This fantastic sycamore is a particular favourite – a beautiful octopus architecture. Fully and properly protected throughout recent adjacent building refurbishment work by Mulcahy Construction.
Wonderful squat old oak (on left); lower stem (trunk) completely hollow. People tend to overexaggerate the age of trees, but at a stem diameter of 1.52m (measured @ 1.5m above ground level), and c. 2 m near ground level, this tree is between 200-300 years old (the house dates from c. 1715).
View during an aerial check from a MEWP before supervising (from the ground!) the recommended pruning works to some marvellous London plane trees at the Institute of Advanced Studies, Dublin.
London planes, Dublin.
Overseeing work to an old beech avenue – requiring thoughtful conservation management
Occasionally some clients with collections of uncommon specimen trees – gardens and arboreta – like the species identified and labelled.
Defective root system revealed by air spade during an investigation into unnatural failure of 80% of a semi-mature oak avenue in ex-hurricane Ophelia. Nurseries growing seedlings in pots and then (repeatedly) transplanting them out too deep, can lead to horrendous stem girdling roots (SGR’s). The crowns of these were perfectly healthy 20 years after planting; but suddenly, in a storm: snap!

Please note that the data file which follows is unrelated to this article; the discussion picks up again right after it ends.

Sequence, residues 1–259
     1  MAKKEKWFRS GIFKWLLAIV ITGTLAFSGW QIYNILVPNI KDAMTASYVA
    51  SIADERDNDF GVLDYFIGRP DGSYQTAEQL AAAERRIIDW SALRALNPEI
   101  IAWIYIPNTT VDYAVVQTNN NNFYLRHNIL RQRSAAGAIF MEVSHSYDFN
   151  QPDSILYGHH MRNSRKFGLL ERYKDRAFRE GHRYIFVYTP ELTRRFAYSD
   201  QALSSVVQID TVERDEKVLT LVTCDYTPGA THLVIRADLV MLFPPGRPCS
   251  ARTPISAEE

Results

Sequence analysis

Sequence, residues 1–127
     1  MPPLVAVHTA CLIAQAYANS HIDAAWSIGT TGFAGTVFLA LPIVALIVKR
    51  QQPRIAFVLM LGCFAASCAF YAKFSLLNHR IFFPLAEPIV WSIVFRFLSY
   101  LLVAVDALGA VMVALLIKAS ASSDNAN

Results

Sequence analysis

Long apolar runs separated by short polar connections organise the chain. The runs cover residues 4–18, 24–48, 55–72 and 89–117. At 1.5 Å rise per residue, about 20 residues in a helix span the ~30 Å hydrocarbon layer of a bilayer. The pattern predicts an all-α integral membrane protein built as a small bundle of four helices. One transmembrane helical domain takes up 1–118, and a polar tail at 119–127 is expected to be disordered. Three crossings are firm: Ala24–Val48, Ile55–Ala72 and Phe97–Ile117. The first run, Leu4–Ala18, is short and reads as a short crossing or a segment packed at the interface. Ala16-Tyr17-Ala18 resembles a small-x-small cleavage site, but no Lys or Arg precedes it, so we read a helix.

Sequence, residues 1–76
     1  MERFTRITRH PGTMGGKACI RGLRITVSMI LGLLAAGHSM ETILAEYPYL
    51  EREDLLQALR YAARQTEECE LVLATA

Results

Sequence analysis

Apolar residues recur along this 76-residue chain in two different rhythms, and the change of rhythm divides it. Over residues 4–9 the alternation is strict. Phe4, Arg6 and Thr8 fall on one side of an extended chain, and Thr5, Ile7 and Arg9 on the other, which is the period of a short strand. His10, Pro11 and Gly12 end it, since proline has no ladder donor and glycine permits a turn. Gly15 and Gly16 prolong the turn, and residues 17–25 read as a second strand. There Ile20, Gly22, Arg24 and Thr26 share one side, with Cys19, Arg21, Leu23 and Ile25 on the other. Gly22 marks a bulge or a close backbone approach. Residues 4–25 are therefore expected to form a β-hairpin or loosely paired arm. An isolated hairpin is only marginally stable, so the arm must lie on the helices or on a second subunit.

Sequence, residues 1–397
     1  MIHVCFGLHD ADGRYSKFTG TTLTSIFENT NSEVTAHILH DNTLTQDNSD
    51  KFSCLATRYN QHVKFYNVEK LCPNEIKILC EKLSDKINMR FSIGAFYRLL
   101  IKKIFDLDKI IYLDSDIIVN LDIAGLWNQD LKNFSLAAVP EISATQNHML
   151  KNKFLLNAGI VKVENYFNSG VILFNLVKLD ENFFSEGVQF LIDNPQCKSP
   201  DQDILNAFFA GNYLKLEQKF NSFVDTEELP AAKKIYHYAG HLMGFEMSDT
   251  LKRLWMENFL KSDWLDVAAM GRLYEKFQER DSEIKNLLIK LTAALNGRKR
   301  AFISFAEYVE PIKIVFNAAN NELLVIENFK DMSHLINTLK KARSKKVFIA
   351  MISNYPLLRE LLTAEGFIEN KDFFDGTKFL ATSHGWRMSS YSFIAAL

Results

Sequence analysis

Many of our biggest exceptional ‘champion’ trees throughout Ireland can be easily propagated from seed (or cuttings) to provide new trees with the genetic potential to adapt to climate change and be exceptional specimens for future generations.
Pseudoinonotus dryadeus (fungal brackets) on an old oak – conserved and monitored.
Beech felled for roadside safety (decay most extensive & advanced at c. 2 m)
Picture from a road traffic accident ‘forensic’ investigation c. 15 years ago. Yes, this ash collapsed onto a passing car, causing very serious injury. From 2019 I was on the ‘expert’ panel of three tasked by the Tree Council to write the Irish government’s new ‘Managing Roadside Trees’ guidance document – to be published soon.
Beech, Co Meath site. Inspected every 2 years for the last 12 – little change, and no failure!
Interesting recent assessment. A 5.9 m girth oak, with an adult treehouse – even had a bar inside!
Assessment of an impressive c. 1 km long avenue this week in Co Kildare. The inner lines of Linden (common lime) were found to represent two principal planting dates: early 19th century and mid 18th century! In it’s staggered outer southern line found a live fully-mature elm!
Surviving Ulmus glabra
Reporting on some ‘Champion’ trees in a Co Wicklow demesne in last week’s sunshine, July 2021.